Guest Post: 'Christa's Story.'

August 8, 2018

Hi! I’m Christa Fairbrother. Because of my health journey I’m a yoga teacher who specializes in working with people with chronic illness. I get to do that in FL with my husband and two kids and our assorted chickens and a cat. Hopefully we’ll be adding a house rabbit soon. I also live with Mixed Connective Tissue Disease (MCTD) and Sjogren’s Disease.

 

MCTD is a combination connective tissue disease exhibiting characteristics of rheumatoid arthritis, lupus, scleroderma and myositis. A person may deal with any combination of these. One distinguishing feature of the disease compared to the individual component diseases is the presence of a high RNP blood titer which is a diagnostic criterium. For me, it exhibits mainly as arthritis and lupus. I have had one myositis flare up and thankfully have not had any issues with scleroderma. Each of these autoimmune diseases causes damage to specific areas of your body. RA attacks your joints, lupus can attack anything but especially your kidneys, scleroderma damages your skin, and myositis attacks your muscle tissue.

 

Sjogen’s is another autoimmune disease that can be primary (it’s the only autoimmune disease you have) or secondary (like mine) to another autoimmune disease. It causes damage to your lacrimal glands so you get dry eyes which hurts.

I was diagnosed with lupus after the birth of my second child when my health really crashed. However, I started showing symptoms or pediatric Raynaud’s when I was 12. It turns out that’s highly predictive for a MCTD diagnosis. Raynaud’s causes your extremities to turn blue or white due to blood constriction when you get cold. As a kid it was just a family joke that I was ‘allergic’ to the cold. I went on to get occasional minor joint swelling and blood work abnormalities that would always get explained away as other things by health care professionals. I worked as a farrier which is a really physically demanding job so you wouldn’t assume someone with that job was struggling with a chronic illness. I did continue to really struggle with the cold though. I lived on an island in Puget Sound so it was cold and windy a lot of the year and I was outside or in outdoor barns all year. The cold was really getting to me and I didn’t know why, but I did need to make a career change.

 

I moved to England for graduate school, got married, had two kids, all those adult things and then suddenly I started getting migraines, extremely sudden ocular migraines. I was scared to leave the house because they could happen while I was driving or running errands. Huge irregular spiraling alligator teeth would take over my left eye and sometimes the room would spin crazily and the nausea would start. Not a functional way to live with a newborn and a 3 year old. That started me on the round of doctors trying to figure out what was going on.

 

It took four years to get a solid diagnosis. When it was changed from lupus to MCTD a lot of joint imaging was done. I have joint erosions everywhere since I’ve had arthritis since I was a kid it turns out. I had a really hard time reconciling all that joint damage and what I’d been able to do with my relative lack of pain. I credited the yoga.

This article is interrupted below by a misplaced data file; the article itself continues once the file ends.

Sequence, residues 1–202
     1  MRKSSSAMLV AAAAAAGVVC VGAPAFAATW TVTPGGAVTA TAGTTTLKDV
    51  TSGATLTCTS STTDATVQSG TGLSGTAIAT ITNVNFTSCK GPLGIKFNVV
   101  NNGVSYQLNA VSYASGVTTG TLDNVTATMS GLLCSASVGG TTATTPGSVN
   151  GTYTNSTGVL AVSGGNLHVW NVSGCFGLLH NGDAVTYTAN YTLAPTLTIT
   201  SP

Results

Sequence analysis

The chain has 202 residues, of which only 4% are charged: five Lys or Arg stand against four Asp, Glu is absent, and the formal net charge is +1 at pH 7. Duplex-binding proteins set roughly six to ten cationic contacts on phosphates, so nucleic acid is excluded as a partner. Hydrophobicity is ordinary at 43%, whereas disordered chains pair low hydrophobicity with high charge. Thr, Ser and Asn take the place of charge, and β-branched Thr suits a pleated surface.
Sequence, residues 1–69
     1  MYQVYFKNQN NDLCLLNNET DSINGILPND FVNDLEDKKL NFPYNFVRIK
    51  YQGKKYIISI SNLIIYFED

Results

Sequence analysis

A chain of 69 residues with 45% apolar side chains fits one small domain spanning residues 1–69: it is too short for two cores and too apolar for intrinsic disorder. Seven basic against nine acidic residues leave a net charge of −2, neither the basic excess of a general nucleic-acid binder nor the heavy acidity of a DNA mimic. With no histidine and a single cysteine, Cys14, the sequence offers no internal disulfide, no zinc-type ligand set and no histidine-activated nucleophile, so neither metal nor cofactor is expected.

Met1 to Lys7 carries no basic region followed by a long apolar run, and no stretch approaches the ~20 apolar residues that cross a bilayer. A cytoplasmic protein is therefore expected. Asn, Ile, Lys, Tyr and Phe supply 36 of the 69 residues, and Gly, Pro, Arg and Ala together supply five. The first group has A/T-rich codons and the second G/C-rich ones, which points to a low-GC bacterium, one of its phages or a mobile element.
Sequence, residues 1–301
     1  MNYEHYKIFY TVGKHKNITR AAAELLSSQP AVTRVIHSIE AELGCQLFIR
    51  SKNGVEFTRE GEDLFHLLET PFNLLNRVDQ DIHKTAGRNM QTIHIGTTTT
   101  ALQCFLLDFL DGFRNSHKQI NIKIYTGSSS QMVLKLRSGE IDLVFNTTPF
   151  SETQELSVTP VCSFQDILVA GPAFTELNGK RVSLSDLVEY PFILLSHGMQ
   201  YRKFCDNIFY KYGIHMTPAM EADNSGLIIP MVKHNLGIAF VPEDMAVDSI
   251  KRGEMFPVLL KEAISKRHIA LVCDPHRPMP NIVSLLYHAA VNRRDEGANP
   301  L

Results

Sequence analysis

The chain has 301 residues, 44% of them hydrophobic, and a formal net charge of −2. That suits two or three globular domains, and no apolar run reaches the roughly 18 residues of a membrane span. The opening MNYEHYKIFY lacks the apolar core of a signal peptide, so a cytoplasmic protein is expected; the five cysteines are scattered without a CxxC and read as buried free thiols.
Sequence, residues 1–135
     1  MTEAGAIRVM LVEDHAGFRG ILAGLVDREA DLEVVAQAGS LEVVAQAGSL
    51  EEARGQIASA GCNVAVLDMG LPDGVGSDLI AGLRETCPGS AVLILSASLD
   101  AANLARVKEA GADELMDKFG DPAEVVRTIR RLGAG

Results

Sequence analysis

When I was 21 and a new farrier, I’d started doing yoga because I’d heard it was good for your back and obviously being a farrier is not. Twenty years later, I’d decided to go to yoga teacher training because yoga had been such a constant in my life. I wasn’t sure I’d actually end up teaching, but getting that news really solidified it as a calling for me. If it can help me stay out of pain that well, it can help others too. So that’s what I do now. Most of my teaching is yoga in the pool because it’s so kind to your joints. I can help people who wouldn’t otherwise be able to do yoga practice and reduce their pain, so it’s really gratifying.

It’s also kinder to me when I have a flare. Balancing my work with my own health and family commitments continues to be a daily struggle. The lupus continues to be the hardest for me manage the symptoms of. I have to be really careful to stay out of the sun and not get too fatigued. Medication has not really controlled my disease process. I’m still cycling through them to see if something will be effective.

 

Moving forward I hope to continue teaching yoga as long as I can. I of course worry how long I can do it, but the philosophical tools of yoga really keep me emotionally grounded. Yoga is not just a physical practice, it’s connecting your breath, body, and mind. It is just being with what is in this moment. This moment is pretty good and that’s really all I have, chronic diseases or not.

 

Christa Fairbrother, autoimmune aqua yoga warrior. Lover of tea and books. I reach out to the word at www.beecontentyoga.com.

 

 

- Medicines described in this blog are prescribed to this individual by their Doctor. Always consult your Doctor about what is best for your needs before taking any medication -

 

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